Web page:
A High Court judge has spelled out a series of allegations which were made against a police chief.
Ex-West Yorkshire chief accused of 'disingenuous' claim after losing legal battle with police and crime commissioner
Mr Justice Supperstone outlined allegations made against Mark Gilmore, who became chief constable of West Yorkshire Police in 2013 and announced his retirement in August 2016, in a ruling on a High Court case.
Mr Gilmore had complained that West Yorkshire police commissioner Mark Burns-Williamson had unfairly failed to decide whether he had a ''case to answer'' after misconduct allegations were made.
He asked the judge to order Mr Burns-Williamson to ''make a case-to-answer decision''.
Mr Justice Supperstone, who analysed rival arguments at a High Court trial in London, dismissed his claim on Tuesday.
He said complaints had been made about Mr Gilmore's relationship with car dealership bosses.
A "whistleblower" had also complained about Mr Gilmore's behaviour within West Yorkshire Police.
The judge said Mr Gilmore had been alleged to have:
* Been involved in an inappropriate relationship with car dealership bosses.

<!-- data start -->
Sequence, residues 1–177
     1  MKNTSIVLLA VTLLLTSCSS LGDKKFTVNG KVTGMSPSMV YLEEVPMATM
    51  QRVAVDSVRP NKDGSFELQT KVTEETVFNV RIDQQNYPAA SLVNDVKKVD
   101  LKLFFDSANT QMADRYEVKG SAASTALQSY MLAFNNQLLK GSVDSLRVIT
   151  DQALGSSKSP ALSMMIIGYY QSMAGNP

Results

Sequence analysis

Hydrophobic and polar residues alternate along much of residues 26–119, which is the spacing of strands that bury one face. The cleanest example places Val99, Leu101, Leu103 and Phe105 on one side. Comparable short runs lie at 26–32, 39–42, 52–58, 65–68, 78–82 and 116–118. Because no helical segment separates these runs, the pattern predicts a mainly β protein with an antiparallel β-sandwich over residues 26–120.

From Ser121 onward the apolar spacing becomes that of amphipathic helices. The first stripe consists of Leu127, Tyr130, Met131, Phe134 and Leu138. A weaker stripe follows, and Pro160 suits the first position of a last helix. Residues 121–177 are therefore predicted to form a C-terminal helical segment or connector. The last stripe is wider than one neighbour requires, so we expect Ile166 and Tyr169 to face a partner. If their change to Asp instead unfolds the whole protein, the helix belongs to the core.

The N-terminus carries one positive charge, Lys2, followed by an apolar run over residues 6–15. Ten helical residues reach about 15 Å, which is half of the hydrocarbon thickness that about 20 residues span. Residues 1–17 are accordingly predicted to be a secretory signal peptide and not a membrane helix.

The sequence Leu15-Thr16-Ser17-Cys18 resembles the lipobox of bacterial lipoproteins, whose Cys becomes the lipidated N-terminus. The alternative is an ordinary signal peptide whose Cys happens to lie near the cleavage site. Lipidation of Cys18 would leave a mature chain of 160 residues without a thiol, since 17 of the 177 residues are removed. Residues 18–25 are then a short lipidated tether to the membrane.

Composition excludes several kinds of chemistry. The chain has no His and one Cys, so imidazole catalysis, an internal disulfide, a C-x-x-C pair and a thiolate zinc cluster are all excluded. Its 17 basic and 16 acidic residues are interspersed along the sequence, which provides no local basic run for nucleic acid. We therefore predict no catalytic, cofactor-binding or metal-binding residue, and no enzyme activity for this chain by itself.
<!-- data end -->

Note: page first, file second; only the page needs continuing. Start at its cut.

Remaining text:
* Used that relationship to "improperly promote" the company "within West Yorkshire Police and its collaborative forces".
* Used that relationship "to benefit personally via the purchase of a VW Golf for his son".
* Abused his position by "using staff members to perform personal tasks on his behalf, including the use of police vehicles or staff members' personal vehicles to do so".
* Misused overtime payments to staff members "performing personal tasks on his behalf".
* Abused or mistreated members of staff by making "degrading gestures".
* Made "inappropriate" sexual comments.
* Used "profanity" and thrown items at staff.
* Bypassed a force procurement process "in order to employ a friend or associate into a senior management role".
Mr Gilmore had denied the allegations.
Barrister Jeremy Johnson QC, who represented Mr Gilmore at the High Court hearing, had told the judge that a police watchdog and prosecutors found ''no evidence of wrongdoing'' following separate inquiries.